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Three strikes for X-51A: Hypersonic hope for Mach 6 plummets into the Pacific

X-51A

Photo courtesy of Boeing/U.S. Air Force

The X-51A Waverider is mounted under the wing of a B-52 at Edwards AFB Calif., in preparation of its August 14 test flight. On a previous flight, the X-51A flew for more than three minutes at Mach 4.88 under scramjet power.

X-51A

Photo courtesy of Boeing/U.S. Air Force

The B-52 carrying the X-51A Waverider takes off from Edwards AFB, Calif., in preparation of the August 14 test flight. The test ended prematurely when a fault with a control fin caused the vehicle to lose control.


And then there was one.

At six times speed of splash, an unmanned, experimental hypersonic plane failed to fly after being dropped by a B-52 bomber Tuesday off the coast of California near Point Mugu.

Before bailing into the Pacific Ocean, the Boeing-built bullet was supposed to shoot through the sky for five minutes in an attempt to reach Mach 6, or 3,600 mph, or six times the speed of sound.

However, for reasons unknown, a fault in the X-51A Waverider's control fin prevented the supersonic combustion ramjet (scramjet) engine from lighting, and that was the end of that.

"X-51A flight ends prematurely" reads Wednesday's official Air Force statement:

The X-51A Waverider successfully launched from an Air Force B-52 bomber over Point Mugu Naval Air Warfare Center Sea Range Aug. 14 at approximately 11:36 a.m. PST.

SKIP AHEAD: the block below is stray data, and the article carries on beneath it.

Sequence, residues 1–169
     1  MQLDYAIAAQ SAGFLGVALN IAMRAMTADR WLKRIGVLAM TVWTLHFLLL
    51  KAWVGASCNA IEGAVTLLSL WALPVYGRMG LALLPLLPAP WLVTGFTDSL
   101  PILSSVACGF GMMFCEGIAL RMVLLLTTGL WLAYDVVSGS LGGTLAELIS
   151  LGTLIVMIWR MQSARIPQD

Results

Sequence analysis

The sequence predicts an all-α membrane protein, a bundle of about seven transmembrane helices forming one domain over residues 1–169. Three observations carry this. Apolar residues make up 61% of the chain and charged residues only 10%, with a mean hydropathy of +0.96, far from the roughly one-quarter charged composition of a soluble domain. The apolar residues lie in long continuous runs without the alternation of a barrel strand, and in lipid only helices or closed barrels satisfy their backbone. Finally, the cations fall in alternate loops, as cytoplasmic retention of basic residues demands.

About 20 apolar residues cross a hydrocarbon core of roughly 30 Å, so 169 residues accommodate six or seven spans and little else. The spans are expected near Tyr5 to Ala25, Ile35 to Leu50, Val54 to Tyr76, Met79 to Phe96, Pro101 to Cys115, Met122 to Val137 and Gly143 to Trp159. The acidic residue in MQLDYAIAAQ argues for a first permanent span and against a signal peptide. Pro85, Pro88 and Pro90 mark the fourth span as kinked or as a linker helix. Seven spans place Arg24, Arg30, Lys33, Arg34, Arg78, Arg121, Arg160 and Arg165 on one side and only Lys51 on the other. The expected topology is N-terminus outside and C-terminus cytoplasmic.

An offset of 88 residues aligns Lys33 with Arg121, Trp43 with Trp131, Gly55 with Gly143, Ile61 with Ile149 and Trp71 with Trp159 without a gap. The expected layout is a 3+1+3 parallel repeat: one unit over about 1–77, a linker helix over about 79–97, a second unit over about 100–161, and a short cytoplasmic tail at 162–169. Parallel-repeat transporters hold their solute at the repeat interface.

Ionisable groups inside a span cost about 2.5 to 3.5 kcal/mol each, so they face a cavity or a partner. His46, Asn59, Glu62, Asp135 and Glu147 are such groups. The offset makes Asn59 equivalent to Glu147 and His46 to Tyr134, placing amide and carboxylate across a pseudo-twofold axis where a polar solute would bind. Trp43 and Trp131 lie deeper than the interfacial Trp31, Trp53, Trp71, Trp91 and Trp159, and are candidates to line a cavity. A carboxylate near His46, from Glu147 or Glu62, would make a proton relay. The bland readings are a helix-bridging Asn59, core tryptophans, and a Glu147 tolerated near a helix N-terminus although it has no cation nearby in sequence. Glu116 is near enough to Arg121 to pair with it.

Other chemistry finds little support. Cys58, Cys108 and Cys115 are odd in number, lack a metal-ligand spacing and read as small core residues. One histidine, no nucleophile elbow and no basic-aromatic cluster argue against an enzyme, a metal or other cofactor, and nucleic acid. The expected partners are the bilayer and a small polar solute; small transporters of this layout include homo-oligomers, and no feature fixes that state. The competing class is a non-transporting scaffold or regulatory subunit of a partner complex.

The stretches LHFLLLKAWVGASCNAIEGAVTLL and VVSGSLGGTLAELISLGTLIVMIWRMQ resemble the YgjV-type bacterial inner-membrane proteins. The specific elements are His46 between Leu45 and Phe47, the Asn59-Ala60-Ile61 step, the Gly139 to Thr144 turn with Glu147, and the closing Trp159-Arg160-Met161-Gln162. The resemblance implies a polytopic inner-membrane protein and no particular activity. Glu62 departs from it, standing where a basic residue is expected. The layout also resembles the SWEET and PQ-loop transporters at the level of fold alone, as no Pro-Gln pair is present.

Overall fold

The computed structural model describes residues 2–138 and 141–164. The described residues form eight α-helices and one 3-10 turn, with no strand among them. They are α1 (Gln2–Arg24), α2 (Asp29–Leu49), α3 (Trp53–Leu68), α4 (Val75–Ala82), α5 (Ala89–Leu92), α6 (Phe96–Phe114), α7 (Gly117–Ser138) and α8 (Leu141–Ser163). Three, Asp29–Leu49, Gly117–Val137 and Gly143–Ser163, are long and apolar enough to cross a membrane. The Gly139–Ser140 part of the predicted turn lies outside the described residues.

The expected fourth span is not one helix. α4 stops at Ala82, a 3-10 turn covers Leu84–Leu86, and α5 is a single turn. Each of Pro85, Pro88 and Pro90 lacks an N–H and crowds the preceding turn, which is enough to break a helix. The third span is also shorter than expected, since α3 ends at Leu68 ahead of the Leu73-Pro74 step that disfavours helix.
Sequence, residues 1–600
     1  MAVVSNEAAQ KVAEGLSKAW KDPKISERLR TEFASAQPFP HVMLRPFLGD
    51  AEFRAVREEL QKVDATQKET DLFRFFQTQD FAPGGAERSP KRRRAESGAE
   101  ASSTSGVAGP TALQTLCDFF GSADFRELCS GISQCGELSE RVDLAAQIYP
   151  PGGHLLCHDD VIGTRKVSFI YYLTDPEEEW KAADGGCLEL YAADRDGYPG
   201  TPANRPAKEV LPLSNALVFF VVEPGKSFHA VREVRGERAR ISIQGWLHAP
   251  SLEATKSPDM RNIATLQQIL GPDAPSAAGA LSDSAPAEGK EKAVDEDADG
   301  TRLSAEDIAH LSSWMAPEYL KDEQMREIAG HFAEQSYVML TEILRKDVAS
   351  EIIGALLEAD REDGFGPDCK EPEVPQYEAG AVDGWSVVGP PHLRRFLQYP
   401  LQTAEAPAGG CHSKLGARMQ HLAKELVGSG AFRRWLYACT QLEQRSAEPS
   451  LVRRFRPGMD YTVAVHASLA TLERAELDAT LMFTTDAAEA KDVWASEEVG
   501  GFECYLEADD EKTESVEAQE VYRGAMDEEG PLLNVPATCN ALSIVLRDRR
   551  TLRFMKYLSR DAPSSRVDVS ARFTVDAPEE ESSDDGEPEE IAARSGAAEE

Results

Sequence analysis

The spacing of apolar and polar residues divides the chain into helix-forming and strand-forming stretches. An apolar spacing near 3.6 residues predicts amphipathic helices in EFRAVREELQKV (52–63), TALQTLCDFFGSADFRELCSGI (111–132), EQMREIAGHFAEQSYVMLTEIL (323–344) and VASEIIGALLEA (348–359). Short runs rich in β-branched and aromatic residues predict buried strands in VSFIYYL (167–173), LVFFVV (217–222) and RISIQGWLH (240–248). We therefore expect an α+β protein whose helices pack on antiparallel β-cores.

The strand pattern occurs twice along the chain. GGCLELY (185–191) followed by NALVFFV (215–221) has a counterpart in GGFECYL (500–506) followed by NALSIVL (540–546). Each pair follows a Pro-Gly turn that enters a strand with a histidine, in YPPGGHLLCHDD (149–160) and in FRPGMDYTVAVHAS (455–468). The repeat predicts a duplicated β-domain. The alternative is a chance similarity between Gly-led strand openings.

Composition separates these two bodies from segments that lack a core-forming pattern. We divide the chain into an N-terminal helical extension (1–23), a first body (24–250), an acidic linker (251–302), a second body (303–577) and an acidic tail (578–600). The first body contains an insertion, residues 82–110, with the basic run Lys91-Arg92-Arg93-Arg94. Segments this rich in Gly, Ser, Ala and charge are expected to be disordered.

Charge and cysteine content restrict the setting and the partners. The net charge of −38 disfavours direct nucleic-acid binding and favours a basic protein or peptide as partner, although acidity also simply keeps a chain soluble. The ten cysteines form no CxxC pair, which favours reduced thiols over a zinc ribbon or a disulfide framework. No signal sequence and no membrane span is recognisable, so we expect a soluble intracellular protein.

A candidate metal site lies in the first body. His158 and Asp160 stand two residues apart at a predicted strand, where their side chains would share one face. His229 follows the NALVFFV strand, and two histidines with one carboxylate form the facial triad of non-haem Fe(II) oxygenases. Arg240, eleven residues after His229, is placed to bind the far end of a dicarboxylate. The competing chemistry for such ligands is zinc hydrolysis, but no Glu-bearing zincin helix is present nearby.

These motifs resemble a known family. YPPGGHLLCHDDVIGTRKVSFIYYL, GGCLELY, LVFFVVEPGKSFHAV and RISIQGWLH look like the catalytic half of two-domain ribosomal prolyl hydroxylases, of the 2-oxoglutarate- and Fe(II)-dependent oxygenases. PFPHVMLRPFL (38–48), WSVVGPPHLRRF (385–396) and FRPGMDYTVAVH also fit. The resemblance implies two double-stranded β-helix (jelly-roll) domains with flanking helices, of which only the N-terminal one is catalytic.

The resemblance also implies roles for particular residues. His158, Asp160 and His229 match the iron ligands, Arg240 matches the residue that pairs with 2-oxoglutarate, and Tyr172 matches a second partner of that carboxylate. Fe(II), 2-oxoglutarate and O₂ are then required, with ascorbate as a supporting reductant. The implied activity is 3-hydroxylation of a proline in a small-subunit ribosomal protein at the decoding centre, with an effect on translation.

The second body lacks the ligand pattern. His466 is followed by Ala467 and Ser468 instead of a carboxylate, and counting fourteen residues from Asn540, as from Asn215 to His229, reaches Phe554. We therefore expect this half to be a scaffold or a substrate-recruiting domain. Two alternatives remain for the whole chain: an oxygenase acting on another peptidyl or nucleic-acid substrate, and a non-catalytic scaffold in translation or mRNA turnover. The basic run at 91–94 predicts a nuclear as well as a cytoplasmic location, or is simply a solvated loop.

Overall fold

The X-51 safely separated from the B-52 and the rocket booster fired as planned. However after 16 seconds, a fault was identified with one of the cruiser control fins. Once the X-51 separated from the rocket booster, approximately 15 seconds later, the cruiser was not able to maintain control due to the faulty control fin and was lost. 

Only one of the original four X-51A vehicles now remains. If, or when, that vehicle will fly, has not yet been decided by officials. The first craft achieved Mach 5 for about 140 seconds in 2010. A 2011 test ended prematurely with the craft trying to restart its engine. 

Other hypersonic projects are also under way. In November 2011, the Pentagon tested an "advanced hypersonic weapon," says the Associated Press, and in August 2011, a glider dubbed HTV-2 peeled apart during a test.

Hypersonic technology could lead to the ability to carry out a military strike anywhere in the world in less than 60 minutes. 

WHAT IT LOOKED LIKE FROM THE COAST

Do you have a photo of Tuesday's test? Email it to us.




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